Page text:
Robert W. Steele was prepared for college in the old Dayton academy, and entered Miami university in 1836. In 1857 he was appointed a trustee of Miami university, a position he held for nine years. After leaving college, Mr. Steele read law in Dayton, but on account of delicate health was advised by his physician against a continuance of those studies. Upon the organization of the public schools of Dayton, under the first charter of the city, Mr. Steele was appointed a member of the board of education, and served as such for a period of thirty years, during twelve of which he was president of the board. In 1847 he was one of the founders of the Dayton Library association, and was for many years a director and president of the same. In 1860, when the Library association was united with the public library, he was appointed, by the board of education, chairman of the library committee, and served in that capacity until 1873. In 1876 Mr. Steele was appointed a member of the board of city examiners for the public schools, and in 1888 a member of the library board, then made an independent body. In 1866 he was appointed by Gov. Cox a member the state board of charities, and served for five years. In 1844 Mr. Steele was one of the incorporators of Cooper Female seminary, and served as a member of the board of trustees as long as the institution existed. He was secretary of Woodland Cemetery association from .1853 to 1858, being elected president of the association in the latter year and continuing as such until his death. He was one of the earliest members of the Montgomery county Agricultural association, and an active member of the several horticultural societies which were established in the county, and was elected a member of the state board of agriculture. In 1853 he had charge of the first state fair held in Dayton. He was active in promoting the interests . of early railroads entering Dayton, and was especially active and patriotic during the Civil war.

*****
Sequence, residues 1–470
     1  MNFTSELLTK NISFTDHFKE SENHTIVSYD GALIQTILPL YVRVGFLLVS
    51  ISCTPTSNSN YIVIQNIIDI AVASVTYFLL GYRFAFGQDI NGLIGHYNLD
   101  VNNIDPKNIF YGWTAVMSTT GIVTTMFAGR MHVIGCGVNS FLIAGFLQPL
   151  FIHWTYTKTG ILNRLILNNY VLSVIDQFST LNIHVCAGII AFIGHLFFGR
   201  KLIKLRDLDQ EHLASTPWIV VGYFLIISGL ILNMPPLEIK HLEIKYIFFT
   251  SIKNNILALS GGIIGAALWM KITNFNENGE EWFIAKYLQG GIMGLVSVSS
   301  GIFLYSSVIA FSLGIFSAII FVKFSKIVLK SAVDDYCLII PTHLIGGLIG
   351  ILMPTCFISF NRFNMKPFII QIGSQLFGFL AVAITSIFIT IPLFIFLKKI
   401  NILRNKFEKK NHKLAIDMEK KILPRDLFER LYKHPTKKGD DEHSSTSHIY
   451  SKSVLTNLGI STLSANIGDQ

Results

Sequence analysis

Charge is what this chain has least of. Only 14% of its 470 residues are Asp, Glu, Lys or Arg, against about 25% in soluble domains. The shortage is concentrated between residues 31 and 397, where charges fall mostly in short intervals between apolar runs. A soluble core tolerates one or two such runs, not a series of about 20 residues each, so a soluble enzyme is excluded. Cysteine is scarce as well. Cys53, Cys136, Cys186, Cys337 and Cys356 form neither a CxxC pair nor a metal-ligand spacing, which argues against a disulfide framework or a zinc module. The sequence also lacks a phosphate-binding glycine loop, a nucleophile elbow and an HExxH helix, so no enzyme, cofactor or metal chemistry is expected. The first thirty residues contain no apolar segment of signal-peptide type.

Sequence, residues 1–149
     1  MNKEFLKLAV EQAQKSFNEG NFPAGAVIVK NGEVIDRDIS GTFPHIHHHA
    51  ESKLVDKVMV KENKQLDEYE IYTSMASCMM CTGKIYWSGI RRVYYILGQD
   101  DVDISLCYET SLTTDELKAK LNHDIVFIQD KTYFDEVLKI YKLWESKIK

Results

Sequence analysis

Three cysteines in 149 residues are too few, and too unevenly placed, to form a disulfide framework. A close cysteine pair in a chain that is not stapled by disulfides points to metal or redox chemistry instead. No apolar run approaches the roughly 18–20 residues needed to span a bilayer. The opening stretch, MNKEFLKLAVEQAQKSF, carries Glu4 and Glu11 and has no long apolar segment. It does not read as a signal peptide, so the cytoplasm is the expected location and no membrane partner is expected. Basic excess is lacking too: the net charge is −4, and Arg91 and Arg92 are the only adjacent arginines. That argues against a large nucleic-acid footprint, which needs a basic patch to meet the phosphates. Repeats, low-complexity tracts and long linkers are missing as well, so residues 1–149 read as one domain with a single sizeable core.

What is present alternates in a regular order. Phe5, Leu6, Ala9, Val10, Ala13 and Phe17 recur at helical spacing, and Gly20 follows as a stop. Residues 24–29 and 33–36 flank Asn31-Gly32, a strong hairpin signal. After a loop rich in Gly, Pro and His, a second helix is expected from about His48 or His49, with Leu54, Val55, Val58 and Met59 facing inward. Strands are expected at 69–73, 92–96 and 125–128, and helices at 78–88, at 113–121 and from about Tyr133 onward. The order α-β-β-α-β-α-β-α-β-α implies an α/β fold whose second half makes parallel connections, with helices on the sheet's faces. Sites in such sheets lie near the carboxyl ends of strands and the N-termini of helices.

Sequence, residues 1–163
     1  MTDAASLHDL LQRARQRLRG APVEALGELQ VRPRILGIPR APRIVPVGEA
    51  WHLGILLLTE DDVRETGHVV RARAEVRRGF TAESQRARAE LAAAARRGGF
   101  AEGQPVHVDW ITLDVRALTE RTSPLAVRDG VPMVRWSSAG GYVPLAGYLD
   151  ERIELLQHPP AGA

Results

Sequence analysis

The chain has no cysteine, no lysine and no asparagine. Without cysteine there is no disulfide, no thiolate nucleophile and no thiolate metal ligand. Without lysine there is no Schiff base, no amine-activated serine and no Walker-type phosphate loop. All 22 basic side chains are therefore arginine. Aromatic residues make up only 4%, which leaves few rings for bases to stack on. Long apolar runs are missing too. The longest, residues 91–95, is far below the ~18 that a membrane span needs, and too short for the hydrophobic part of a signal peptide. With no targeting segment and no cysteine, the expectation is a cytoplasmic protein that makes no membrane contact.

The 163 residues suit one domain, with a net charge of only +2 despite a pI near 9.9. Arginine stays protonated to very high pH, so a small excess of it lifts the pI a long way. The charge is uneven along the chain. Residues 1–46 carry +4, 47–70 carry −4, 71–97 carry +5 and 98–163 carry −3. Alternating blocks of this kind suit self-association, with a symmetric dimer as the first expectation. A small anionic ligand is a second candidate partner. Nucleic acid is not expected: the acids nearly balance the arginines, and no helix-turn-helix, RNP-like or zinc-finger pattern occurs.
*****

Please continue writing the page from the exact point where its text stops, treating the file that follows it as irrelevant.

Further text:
Mr. Steele served as a member of the military committee of Montgomery county, was a member of the sanitary committee, and chairman of the citizens' committee to assist in raising the Ninety-third regiment of Ohio volunteers. He aided in the organization of the Young Men's Christian association, and was its first president. He served six years as trustee of the Children's home, beginning with its establishment in 1867. He was a member of the Presbyterian church from 1841, and an elder in the Third Presbyterian church from 1854 until his death, which occurred September 24, 1891. He left a widow, and four daughters and two sons, as follows: Mary D., who died February 25, 1897; Sarah S., Agnes C., Charlotte, William and Egbert.